Can't shift your home? Time to try 'extreme house selling'

A rollercoaster installed for viewings

With the property market slowing and buyers cautious about the future, it's starting to get harder to sell your home in a hurry.

However, some adventurous vendors are looking at alternatives to traditional estate agents and trying out some weird and wacky techniques to market their homes.

SEE ALSO: Yours for a fiver? Owner raffles off home



See also: Homeowner mows 'for sale' into lawn to tempt high-flying buyers



Nick Marr, co-founder of TheHouseShop.com, says he's encouraged a number of clients to use 'extreme selling' techniques - with quite some success.

"A private seller using our website TheHouseShop.com listed her home with us and also created a Facebook advert offering a referral reward of £1,000 to anyone who shared her Facebook post with
the eventual buyer of the property," he says.

"She generated 6,000 views and eight enquiries in just 48 hours."

Meanwhile, Andrew Kyriacou, managing director of Xsell Property, says he's had great success with extreme house selling in Australia. His amusing YouTube videos sell houses in an average of less than three weeks.

"My approach to house selling is about being a human being, not a robotic agent," he says.

"The videos I create show the viewers that we are indeed real people and by making them laugh during the process of house selling, it helps to build a rapport far quicker."

Extreme selling techniques


Roller-coaster tours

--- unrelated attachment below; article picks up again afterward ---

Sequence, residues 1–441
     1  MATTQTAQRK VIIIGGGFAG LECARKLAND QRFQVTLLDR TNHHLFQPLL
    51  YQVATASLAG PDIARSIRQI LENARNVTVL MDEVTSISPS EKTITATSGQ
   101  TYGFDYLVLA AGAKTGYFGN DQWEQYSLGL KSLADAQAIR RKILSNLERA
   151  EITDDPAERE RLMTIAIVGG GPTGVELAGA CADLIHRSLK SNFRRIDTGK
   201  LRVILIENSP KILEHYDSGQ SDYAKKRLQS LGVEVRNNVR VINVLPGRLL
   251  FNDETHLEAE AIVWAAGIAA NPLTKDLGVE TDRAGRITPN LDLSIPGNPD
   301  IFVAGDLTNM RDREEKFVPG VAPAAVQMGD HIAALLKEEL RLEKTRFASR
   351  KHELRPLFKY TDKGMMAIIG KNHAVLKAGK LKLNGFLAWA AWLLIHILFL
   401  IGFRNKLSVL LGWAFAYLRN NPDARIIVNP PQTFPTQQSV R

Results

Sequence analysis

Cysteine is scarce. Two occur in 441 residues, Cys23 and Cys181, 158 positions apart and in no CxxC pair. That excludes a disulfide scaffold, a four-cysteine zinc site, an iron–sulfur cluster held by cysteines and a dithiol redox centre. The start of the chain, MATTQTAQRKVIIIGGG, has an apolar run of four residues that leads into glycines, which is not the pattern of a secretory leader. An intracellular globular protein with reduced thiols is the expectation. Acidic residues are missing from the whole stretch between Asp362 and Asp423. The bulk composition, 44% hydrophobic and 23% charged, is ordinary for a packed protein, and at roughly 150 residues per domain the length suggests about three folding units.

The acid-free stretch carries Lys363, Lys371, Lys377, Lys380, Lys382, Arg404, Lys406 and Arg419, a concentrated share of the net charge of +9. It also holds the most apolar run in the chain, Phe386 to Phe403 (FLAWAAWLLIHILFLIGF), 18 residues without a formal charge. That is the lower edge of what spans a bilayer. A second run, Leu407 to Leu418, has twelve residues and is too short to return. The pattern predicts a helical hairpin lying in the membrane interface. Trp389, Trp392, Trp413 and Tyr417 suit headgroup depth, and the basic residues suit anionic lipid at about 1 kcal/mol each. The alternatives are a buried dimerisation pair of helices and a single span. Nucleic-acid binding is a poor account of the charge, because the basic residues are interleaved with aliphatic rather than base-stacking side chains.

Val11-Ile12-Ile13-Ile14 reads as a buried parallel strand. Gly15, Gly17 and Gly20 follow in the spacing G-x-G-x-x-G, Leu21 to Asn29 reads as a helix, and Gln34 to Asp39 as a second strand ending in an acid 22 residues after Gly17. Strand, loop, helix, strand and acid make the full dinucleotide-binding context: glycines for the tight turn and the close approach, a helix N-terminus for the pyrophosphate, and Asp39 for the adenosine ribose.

You could always try installing a roller-coaster to give buyers a quick and fun tour of your home - like the owners of one house in the Netherlands.

Paint a giant sign

We recently reported on the Silverstone homeowner who came up with a novel technique to generate interest in his home - mowing a giant 'for sale' sign into his laswn. He was hopping to attract the interest of the rich and famous flying in to watch the motor racing nearby.

Set it to music
Andrew Kyriacou from Australia's MichaelKris Real Estate created a music video to sell this house - and while it may make you cringe, it did the trick.

Bake a cake
Everyone loves cupcakes - which is why Roger Bailey had a couple of thousand baked, complete with a picture of his home iced on top. Your only problem will be handing them out before they go stale.

Hold a raffle
This one has been becoming popular over the last couple of years, with vendors of cottages and stately homes alike selling tickets with a chance to win their home. Just make sure you don't fall foul of the gambling laws.

Go back to basics
Back in 2011, desperate vendor Tim Mason took a simple approach to selling his home - walking round the streets of Bristol wearing a sandwich board reading 'Buy my house!'.


10 PHOTOS
10 things that add value to homes in an area
See Gallery
10 things that add value to homes in an area

A view out over the park isn’t just a nice bonus, it’s a valuable asset. A study by Marsh & Parsons has found that a park view can add up to 10% to a property's asking price.

It carried out its research in London, where it found that a view over Warwick Square in Pimlico added £75,000 to the asking price of a one-bedroom apartment.

Understandably, this is largely a London phenomenon, where the vast majority of train-based commuting takes place in the UK.

The Nationwide Building Society found that being 500m from a station would add 10.5% to the value of a property in London. In Manchester it fetched a 4.6% premium and in Glasgow 6%.